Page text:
I’ve put off doing an autobiographical post on my relationship to the Federal Vision for quite a while. Maybe for several reasons. Too much blood still on the floor. RTS never distinguished between those who were mentally Baptists (e.g., RTS) and Covenantal, thus making everyone who wasn’t a Southern Presbyterian a Federal Visionist.
I’ll go ahead and put my cards on the table. I don’t consider myself Federal Vision for reasons that will be apparent.
But this post isn’t just bashing RTS, as fun and necessary as that is. I’ve forgiven them. They stole money from me but it was for the best. But RTS did represent a certain moment in American Presbyterianism that does need to be addressed.
There isn’t a strict logic to this post, but it will follow some general order. I didn’t write it all at once since I have a bad case of carpal tunnel syndrome. A note of interpretation: when I write “FV” in negative connotations, I mean certain young bloggers. The older FV generation, the “conference speakers,” so to speak, have been the soul of kindness to me.
Federal Vision, the Good and the Bad
What is the Federal Vision? Proponents say there isn’t one view. Critics are impatient with that answer because it seems like FV is evading the issue. But there isn’t one view. Doug Wilson has nominally rejected the label. For years Jordan and Leithart were polar opposite from Wilson. No one has heard of Steve Schlissel in a decade.
Let’s take the book Federal Vision. Look at the essays. Barach’s essay is Schilder 101. I have some questions about it but there is nothing “new” to it. Simple, post-Kuyper Dutch theology. Horne and Lusk rightly (which even critics acknowledge) point to the Baptist nature of the American experience. Jordan’s essay is controversial. I grant that.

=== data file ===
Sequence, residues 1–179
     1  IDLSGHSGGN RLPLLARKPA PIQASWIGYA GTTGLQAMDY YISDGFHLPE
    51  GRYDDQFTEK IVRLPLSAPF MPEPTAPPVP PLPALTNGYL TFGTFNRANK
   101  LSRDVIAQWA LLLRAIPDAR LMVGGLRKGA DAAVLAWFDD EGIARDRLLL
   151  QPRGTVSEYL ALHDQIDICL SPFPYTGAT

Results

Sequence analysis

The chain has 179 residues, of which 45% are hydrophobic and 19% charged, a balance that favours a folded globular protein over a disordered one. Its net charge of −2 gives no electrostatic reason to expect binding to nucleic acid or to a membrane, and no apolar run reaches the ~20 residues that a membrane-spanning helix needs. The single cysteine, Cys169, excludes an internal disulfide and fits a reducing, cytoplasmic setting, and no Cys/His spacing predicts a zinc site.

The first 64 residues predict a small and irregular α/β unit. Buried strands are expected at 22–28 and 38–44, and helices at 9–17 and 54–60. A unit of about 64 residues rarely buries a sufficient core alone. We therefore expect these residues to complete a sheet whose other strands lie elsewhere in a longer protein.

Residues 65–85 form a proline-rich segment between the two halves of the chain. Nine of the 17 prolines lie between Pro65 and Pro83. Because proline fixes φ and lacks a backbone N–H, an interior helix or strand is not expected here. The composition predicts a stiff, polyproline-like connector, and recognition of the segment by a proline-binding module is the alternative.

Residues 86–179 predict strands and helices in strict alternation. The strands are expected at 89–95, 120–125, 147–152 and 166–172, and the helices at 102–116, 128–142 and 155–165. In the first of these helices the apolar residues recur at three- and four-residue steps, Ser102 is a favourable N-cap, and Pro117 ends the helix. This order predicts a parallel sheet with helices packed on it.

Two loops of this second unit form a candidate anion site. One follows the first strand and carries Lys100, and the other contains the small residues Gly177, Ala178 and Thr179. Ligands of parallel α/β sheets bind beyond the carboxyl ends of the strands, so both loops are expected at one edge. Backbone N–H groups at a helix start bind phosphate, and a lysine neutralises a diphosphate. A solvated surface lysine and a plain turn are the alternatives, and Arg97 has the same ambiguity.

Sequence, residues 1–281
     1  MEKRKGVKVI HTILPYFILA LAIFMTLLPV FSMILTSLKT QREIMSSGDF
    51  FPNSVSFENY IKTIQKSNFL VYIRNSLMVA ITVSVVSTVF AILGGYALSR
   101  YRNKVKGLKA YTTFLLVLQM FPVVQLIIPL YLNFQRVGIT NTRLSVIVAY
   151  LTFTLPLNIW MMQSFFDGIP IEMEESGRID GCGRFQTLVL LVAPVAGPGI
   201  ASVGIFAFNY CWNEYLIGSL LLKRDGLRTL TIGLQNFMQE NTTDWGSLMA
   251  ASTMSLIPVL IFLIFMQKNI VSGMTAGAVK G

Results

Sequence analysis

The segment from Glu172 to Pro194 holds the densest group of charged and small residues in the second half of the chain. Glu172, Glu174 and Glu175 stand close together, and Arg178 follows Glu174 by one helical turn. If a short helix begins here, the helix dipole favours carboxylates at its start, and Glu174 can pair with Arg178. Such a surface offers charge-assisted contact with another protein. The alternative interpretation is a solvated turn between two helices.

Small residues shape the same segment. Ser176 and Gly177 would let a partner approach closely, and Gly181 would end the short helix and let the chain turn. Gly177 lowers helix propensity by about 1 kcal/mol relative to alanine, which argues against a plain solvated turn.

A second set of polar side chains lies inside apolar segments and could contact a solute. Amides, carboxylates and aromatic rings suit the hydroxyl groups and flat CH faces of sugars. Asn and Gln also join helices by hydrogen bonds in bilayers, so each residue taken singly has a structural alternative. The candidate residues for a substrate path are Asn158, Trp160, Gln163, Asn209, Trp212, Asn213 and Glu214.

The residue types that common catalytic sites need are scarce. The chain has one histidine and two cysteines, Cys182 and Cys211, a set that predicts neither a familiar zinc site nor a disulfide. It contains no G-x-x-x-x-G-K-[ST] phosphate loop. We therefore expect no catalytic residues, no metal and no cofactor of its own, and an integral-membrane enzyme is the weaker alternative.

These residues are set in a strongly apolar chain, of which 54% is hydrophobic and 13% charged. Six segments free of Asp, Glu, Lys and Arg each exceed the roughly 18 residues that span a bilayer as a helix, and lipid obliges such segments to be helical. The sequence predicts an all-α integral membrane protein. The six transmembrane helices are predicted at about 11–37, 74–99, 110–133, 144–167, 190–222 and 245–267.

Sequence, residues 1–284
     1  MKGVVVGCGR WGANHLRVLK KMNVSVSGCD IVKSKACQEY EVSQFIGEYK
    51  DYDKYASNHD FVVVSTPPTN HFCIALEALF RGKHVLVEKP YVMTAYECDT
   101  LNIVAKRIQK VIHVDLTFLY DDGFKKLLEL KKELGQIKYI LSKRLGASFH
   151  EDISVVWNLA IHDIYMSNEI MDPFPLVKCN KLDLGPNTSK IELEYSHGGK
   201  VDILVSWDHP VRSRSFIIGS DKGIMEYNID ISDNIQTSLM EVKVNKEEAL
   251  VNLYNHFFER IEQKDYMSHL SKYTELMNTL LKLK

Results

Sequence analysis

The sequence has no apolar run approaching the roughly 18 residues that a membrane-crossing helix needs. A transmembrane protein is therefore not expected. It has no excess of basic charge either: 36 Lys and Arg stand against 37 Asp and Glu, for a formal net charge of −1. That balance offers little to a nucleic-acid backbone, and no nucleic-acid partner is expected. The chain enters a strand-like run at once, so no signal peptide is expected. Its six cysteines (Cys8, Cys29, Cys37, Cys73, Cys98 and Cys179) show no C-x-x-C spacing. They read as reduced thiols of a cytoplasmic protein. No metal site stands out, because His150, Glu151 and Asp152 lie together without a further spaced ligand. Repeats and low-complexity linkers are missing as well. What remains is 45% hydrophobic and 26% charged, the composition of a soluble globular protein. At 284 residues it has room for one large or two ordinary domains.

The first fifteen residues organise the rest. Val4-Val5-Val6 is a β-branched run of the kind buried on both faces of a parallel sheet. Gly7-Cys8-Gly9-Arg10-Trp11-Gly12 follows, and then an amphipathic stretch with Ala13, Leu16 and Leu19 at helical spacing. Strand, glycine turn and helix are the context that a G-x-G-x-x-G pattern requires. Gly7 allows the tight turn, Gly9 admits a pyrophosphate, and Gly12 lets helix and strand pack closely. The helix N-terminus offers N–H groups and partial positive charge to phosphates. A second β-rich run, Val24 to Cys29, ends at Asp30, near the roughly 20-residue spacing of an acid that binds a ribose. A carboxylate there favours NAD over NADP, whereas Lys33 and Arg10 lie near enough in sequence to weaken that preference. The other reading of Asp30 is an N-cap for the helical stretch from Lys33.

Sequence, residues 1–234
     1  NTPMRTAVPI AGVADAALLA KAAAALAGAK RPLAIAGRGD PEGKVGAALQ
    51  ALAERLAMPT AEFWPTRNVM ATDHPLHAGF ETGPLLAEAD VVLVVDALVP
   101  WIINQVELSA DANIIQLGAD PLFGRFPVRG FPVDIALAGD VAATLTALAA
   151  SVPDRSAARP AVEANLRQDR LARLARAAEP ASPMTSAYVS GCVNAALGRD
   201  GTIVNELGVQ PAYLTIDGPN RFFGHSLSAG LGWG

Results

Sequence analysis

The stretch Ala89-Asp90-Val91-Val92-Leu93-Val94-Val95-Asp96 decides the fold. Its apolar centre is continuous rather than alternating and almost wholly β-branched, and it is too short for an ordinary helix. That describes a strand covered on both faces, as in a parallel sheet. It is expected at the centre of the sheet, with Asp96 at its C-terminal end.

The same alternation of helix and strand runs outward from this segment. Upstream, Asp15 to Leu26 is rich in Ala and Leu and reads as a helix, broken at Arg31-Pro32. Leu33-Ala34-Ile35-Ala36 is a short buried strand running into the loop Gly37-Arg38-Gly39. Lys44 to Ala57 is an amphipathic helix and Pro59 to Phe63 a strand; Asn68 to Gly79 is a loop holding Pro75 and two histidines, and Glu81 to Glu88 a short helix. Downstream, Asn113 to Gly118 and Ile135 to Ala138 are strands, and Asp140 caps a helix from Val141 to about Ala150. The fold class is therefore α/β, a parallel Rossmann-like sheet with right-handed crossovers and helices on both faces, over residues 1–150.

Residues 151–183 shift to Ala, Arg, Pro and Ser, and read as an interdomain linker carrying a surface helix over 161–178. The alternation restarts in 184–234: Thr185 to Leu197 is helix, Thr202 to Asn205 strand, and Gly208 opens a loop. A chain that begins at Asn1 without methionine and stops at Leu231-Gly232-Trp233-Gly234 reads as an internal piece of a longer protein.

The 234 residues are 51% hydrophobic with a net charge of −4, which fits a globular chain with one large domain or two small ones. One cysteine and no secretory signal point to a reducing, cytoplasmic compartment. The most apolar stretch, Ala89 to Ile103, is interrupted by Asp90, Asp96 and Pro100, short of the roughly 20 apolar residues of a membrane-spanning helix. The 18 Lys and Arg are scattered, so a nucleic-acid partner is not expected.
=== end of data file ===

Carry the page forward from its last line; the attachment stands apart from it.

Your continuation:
My Seminary Experience
I was a postmillennial theonomist when I went to seminary. Yeah, you can see what RTS would have thought about that. To be fair, most of the profs in person were great guys. Most people actually are decent people in real life. Really, it wasn’t the profs themselves who were the problem. It was the adjunct people they got to teach classes. They were usually local pastors.
On the kindest analysis, they were simply incompetent. Realistically, some were mentally unhinged. It’s not simply, “Oh, you’re a theonomist, then you are wrong.” Rather, it was, “Oh, so you don’t fall into my interpretation of a unique slice of Presbyterian taxonomy, then you deny justification by faith alone.”
But enough bashing RTS. I was involved with several FV guys (who no longer wear the label). They really wanted me to become Federal Vision. I didn’t. I was under the authority of the Orthodox Presbyterian Church at the time and I didn’t have any business joining unique movements. Did I like some of the FV thoughts? Sure, but I challenged the FV to show me what ecclesiastical obligation from the OPC that I had to join FV.